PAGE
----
Arcadia rescue deal approved by creditors, saving thousands of jobs
Plan to save Philip Green’s retail empire wins backing of creditors
Philip Green, whose retail empire faces a make-or-break vote on its future on Wednesday as it seeks approval for its restructuring plans, deciding the fate of 18,000 employees. Photograph: Isabel Infantes/PA Wire
Philip Green’s Arcadia fashion group has secured backing for a controversial restructuring plan after a meeting of creditors voted to approve it.
The owner of brands such as Topshop and Wallis needed three-quarters of its unsecured creditors to back the plan, known as a company voluntary arrangement. At a meeting in London, Arcadia received that – although the company did not immediately divulge by what margin.
The move clears the way for 23 of its 566 stores across Ireland and UK to close outright, with rents reduced by up to 70 per cent on 194 more. Under Green’s plan six stores in the Republic have been earmarked for closure, including the flagship Topshop outlet at St Stephen’s Green in Dublin and the brand’s shop in the Jervis Shopping Centre. All 11 Topshop/Topman stores in the US are to shut.
“We are extremely grateful to our creditors for supporting these proposals and to Lady Green for her continued support,” said Ian Grabiner, Arcadia’s chief executive.
He was referring to a last-minute compromise on the part of Sir Philip and his wife, whereby they reimbursed the worst-affected landlords to limit rent cuts to 50 per cent. The move helped sway the latest vote despite the opposition of Intu, one of the company’s biggest landlords. Lady Tina has also financed a separate agreement with the UK’s Pensions Regulator.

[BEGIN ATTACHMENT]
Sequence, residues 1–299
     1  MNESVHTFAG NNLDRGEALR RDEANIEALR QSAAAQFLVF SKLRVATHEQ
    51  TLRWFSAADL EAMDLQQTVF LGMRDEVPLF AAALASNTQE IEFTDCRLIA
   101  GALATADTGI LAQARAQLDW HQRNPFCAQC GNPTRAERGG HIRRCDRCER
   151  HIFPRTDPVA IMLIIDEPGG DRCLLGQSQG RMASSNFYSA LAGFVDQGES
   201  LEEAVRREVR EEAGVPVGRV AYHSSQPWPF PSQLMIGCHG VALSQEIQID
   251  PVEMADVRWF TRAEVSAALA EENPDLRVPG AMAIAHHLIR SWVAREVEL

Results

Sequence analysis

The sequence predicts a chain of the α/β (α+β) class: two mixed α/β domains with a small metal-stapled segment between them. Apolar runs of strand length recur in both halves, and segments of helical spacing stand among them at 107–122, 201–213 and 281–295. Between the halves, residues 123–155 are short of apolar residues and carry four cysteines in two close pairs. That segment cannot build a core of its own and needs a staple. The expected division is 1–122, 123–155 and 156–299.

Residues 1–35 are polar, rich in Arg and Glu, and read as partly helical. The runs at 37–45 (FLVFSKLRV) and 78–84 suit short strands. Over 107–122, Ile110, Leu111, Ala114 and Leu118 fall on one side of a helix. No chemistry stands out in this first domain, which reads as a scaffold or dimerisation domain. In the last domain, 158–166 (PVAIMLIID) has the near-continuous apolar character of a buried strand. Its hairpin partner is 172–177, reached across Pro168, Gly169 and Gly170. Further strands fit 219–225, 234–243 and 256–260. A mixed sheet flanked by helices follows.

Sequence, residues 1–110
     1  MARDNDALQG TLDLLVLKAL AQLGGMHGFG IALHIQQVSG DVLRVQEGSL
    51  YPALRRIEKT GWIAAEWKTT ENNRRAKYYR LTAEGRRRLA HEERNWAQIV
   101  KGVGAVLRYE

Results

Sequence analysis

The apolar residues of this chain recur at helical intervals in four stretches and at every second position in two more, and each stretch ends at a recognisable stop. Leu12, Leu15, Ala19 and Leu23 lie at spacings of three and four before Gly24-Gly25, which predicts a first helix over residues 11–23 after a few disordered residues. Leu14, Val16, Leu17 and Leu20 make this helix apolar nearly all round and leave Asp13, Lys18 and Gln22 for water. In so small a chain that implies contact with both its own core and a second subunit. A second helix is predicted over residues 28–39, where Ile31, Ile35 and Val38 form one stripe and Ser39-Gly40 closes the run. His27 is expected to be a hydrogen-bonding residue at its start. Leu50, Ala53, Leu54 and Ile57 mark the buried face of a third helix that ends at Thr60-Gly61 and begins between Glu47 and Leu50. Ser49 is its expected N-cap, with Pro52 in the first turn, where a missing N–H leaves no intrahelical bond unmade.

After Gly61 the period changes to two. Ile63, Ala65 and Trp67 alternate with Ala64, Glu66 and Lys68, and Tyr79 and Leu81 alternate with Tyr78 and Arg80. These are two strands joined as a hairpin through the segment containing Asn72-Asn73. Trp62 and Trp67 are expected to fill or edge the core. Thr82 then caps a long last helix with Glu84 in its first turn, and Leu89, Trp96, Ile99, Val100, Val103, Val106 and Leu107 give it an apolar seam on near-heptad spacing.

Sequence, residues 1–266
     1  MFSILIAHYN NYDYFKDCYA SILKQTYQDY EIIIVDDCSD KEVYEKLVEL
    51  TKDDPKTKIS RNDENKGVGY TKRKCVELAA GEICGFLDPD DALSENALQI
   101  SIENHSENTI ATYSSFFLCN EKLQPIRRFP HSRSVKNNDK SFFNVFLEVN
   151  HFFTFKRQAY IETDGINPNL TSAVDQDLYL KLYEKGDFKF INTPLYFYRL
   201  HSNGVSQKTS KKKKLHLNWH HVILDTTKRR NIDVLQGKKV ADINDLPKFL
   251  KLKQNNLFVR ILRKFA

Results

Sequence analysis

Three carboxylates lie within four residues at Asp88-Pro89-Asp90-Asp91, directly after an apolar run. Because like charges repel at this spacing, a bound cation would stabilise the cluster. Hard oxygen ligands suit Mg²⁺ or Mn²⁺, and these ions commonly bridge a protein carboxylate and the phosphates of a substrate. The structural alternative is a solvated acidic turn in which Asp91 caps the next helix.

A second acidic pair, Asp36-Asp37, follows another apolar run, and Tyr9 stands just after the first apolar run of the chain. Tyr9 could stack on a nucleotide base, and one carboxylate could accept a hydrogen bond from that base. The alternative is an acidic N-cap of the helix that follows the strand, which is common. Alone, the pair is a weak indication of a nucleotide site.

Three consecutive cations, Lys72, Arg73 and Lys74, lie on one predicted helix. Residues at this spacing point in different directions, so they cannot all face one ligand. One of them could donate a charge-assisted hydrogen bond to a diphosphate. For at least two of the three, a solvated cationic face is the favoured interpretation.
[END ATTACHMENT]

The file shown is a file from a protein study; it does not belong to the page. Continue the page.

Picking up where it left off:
“From today, with the right structure in place to reduce our cost base and create a stable financial platform for the group, we can execute our business turnaround plan to drive growth through our digital and wholesale channels, while ensuring our store portfolio remains at the heart of our customer offer,” Mr Grabiner added.
A similar meeting last week had to be adjourned after it became clear that not all of the schemes – there are seven CVAs in all – would secure the requisite support. Many property companies bitterly resented the terms of the CVA, saying that it was opportunistic and forced creditors to foot the bill for years of under-investment in the core operations.
Arcadia has said it will invest £135 million (€151 million) over three years in refurbishing stores, improving its website and building more distribution capability. But this represents a lower rate of capital spending than seen in previous years and is being financed by improved profit and cash flow, not new investment into the business.
Landlords who voted in favour of the plan will share about £40 million (€45 million) from a compensation fund, and if Arcadia is sold in the future they will also take 20 per cent of any equity value ascribed to it.
– Copyright The Financial Times Limited 2019